AMD positions its 64-bit processor architecture to power "the most powerful computers in the back office to the most portable device you can imagine."
Advanced Micro Devices Inc. intends to position its AMD64 64-bit processor architecture as the ultimate enterprise solution, singling out Intel Corp.s disparate architectures as a weakness.
In an odd lunchtime meeting with customers and partners that was part strategy session, part revival and part historical analysis, analysts compared AMDs Opteron to steel mini-mills, able to process rebar for a fraction of the cost of their more integrated cousins.
Those mini-mills, said Mark Melenovsky, vice president of server research at International Data Corp., werelike Opterona disruptive innovation, capable of serving a new customer base with a new set of product offerings. By penetrating the high-performance computing sector with clustered Opteron design wins, he said, AMD could eventually break into the commercial enterprise space and from there into the small and medium-size business market.
"Opteron has the potential to push the customer sets access to 64-bit capability across the entire framework," Melenovsky said.
When the Athlon 64 is released this September for the PC market, AMD will have the opportunity to market a single solution to the mobile, PC and server spaces. Intels Itanium processor uses a different architecture than the Pentium 4 desktop and mobile processors, and requires a different chipset infrastructure.
"You will see a lot of AMD and its partners positioning AMD64," the formal name for the Opteron and Athlon 64 architecture, said Marty Seyer, vice president and general manager of AMDs Microprocessor Business Unit. "We intend to push and position AMD64 top to bottom within the enterprise, to span the enterprise from the most powerful computers in the back office to the most portable device you can imagine. We can scale up and scale down, and youll hear that message at the September launch."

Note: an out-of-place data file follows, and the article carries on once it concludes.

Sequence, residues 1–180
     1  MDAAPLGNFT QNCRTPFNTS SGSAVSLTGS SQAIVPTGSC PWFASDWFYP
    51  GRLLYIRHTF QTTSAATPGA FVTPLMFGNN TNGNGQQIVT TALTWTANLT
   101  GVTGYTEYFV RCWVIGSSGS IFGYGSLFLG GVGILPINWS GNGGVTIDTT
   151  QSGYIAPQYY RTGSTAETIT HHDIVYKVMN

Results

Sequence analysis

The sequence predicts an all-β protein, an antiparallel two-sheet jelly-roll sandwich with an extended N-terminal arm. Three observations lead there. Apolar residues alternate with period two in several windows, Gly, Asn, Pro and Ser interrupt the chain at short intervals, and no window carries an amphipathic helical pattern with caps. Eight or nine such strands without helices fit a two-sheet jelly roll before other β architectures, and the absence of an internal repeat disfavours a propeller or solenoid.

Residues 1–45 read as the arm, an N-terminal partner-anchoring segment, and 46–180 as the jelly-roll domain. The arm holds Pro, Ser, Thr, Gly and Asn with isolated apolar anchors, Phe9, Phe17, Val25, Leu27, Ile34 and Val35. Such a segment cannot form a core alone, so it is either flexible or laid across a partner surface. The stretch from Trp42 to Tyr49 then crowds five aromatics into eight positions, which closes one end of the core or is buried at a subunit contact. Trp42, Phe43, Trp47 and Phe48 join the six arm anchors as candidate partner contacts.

Customers attending the luncheon cautiously approved AMDs strategy, but said AMDs future is far less of an academic challenge than analysts and executives make it out to be.
"IBM will be the key," said Paul Shay, president of the Arima Group of North America, speaking of AMDs only publicly announced top-tier design win to date. On July 30, IBM announced a single Opteron-based server, the eServer 325, and disclosed plans for a workstation later next year.
Melenovsky said AMD cannot continue to sell Opterons into the high-performance computing market without Fortune 500 customers. The company also needs a few key enterprise customers to help get the ball rolling, he said.
A representative from Dell attended the meeting, although he said was only there to "check out" the Opteron and see what new initiatives AMD had come up with. He declined to comment on Dells plans.